Paul's Heart

Life As A Dad, And A Survivor

Women And Children First, Not So Fast

As the Titanic began to sink, and evacuations became necessary, the cry went out, “WOMEN AND CHILDREN FIRST!”  It was a shout that only a coward of a man would ignore if he chose to take a spot on a lifeboat, denying a critical escape to a woman or child.

In 2009, the United States was hit with a virus called the “Swine Flu”, also known as H1N1.  This new strain of flu, was more deadly than the average seasonal flu.  Its distinction from other flus, was that it was passed from… pigs.

Swine flu earned the status of a pandemic, as it reached all around the world, killing hundreds of thousands of people.  But a vaccine gave hope to get this lethal flu under control.  And when it came time to get the vaccine, a certain group of people were to get the vaccine first, pregnant women, seniors, and those with compromised immune systems.

In 1988, my spleen was removed as part of the diagnostic process for my Hodgkin’s Lymphoma.  Thought of back then as “no big deal, lots of people live without their spleen,” it would eventually come back to haunt me, and millions of others who would now have the status of “compromised immune systems.”  We have no way to really fight off a serious infection and even a harder time avoiding one.  Clearly the priority was real.

I mentioned the groups of people that were urged to get vaccinated.  Clearly, you can recognize the pregnant, and the elderly.  But how do you recognize someone without a spleen or some other compromised immune system?

Can you tell by looking at this picture, I have no spleen?  Or, can you tell any one of the things I have to deal with in regard to my cancer survivorship?  My heart?  My lungs?  My spine?  The list goes on.  By the way, this picture was taken many years ago at Memorial Sloan Kettering Cancer Center, and this is my friend Nick, also known as the “ambassador”, who greets everyone the same way upon entering.

Or is this what someone needs to look like to be considered “sick enough?”

I typically do not cooperate with my doctors and vaccines, and to be clear I am not an anti-vaxxer, I just feel enough has been done to my body.  But the swine flu vaccine was one that my doctors were able to convince me to get.  The risks of not getting it were too extreme.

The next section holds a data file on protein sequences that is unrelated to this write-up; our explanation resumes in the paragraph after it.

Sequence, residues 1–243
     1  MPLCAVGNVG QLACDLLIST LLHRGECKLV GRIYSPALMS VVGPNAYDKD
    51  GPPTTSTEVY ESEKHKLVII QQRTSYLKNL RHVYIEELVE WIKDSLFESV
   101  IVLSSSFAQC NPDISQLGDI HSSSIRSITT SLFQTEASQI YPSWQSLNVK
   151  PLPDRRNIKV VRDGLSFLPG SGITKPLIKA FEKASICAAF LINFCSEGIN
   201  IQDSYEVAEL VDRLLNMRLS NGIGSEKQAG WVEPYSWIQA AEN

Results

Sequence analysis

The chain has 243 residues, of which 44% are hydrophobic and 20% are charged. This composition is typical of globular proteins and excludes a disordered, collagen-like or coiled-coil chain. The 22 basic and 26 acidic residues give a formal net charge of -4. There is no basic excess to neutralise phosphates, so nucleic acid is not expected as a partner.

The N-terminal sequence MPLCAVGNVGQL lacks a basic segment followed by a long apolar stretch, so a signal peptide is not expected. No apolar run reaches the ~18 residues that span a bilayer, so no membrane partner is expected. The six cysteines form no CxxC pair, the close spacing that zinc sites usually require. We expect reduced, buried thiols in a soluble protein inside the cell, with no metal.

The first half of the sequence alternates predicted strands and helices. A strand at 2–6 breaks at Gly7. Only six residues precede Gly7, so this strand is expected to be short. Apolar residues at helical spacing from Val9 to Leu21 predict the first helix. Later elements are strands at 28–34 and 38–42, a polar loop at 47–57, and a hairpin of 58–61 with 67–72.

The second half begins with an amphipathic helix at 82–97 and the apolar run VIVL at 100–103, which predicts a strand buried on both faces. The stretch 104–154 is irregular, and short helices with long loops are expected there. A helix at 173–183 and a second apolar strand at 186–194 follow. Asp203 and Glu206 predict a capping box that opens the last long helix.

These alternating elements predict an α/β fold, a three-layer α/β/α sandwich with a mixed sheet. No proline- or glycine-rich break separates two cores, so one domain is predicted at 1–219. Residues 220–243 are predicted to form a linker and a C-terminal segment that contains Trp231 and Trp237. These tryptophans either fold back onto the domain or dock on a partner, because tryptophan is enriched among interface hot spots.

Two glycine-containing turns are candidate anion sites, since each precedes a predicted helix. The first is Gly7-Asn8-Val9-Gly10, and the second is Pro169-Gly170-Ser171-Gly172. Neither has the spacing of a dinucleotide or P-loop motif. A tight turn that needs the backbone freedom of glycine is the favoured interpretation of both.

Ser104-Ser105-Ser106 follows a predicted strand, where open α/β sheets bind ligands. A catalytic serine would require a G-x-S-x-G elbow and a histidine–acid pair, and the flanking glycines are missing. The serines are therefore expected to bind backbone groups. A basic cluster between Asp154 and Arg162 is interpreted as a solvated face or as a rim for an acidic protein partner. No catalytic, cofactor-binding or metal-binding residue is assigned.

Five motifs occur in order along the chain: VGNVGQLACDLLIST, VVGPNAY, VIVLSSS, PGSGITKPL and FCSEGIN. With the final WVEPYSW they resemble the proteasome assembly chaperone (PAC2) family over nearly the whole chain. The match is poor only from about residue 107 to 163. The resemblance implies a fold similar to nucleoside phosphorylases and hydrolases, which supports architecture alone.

So there I stood, amongst the bursting bellies and silver hairs, all glaring back at me with disdain likely asking themselves, “what the hell is he doing here?  He looks fine.”  When I say it felt uncomfortable, that is an understatement, but somehow I hung on long enough to get to my turn in the line.

To be fair, I had no I.D. on me that identifies I have no spleen.  I was asked why I was there for the vaccine, if I met the criteria, and then I did what I always do, when I need to “prove” myself… up goes the shirt, revealing an eight inch scar from my belly button to my rib cage, along with a second scar from the bottom of my rib cage to my neck (one was for the spleen removal, the other my heart surgery).  The nurse knew what the scar was for.

But I should not have to go to this length to prove myself, should I?  Just because my shell does not confirm what you feel is your business.

Today, we are dealing with this monster, Covid19.  Never in my lifetime, did I ever think I would see a virus that would kill so many people, especially in the US alone.  When it comes to other illness tragedies, I had only heard about polio from my mother and how bad that was.  And then of course, we learned about the pandemic of 1918.  But this is the first in my lifetime, and hopefully will never happen again.

But here we are again, at the vaccine stage.  Amazingly, we got here at “warp” speed, a reference to Star Trek and how fast their space ship could travel.  And again, as the vaccine is manufactured, administration needs to be determined based on priority, and with the consideration of just how lethal this virus is.

The correct decision has been made to make sure that all medical personnel get the vaccine first.  After all, they are the ones constantly put at risk by innocent victims and arrogant deniers who contract the virus, too many of those medical personnel contracting it themselves, and dying.  The bottom line, without them, we have no one else to take care of the sick.  It makes total sense to inoculate them first.  Afterwards, I believe the plan is to vaccinate the elderly population, a clear and vulnerable sect of society.

And then… the vulnerable.  Those with pre existing comorbidities impacted more severely by the virus, those with heart, lung, immunity, diabetes and other complications, me.  People in my situation will actually be put ahead of women and children, I am sure bringing that uncomfortable and resentful glare once again.

I have not even decided if I will get the vaccine.  It is not a decision I take lightly.  I was subjected to therapies for my cancer, that were not researched for long term effects, which I now deal with today, some, crippling, some near fatal.  And that is the issue I have with this vaccine.  Yes, it is great that they discovered it as quickly as they did, but they know less about long term effects about this vaccine, than they did about my treatments.  I will unlikely spend a lot of conversations with my doctors, trying to weigh the risks for and against.  And I do trust my doctors.  They also respect my concerns.  We will see how this plays out.  But if I do, I dread those glares again, just because I do not look the part.

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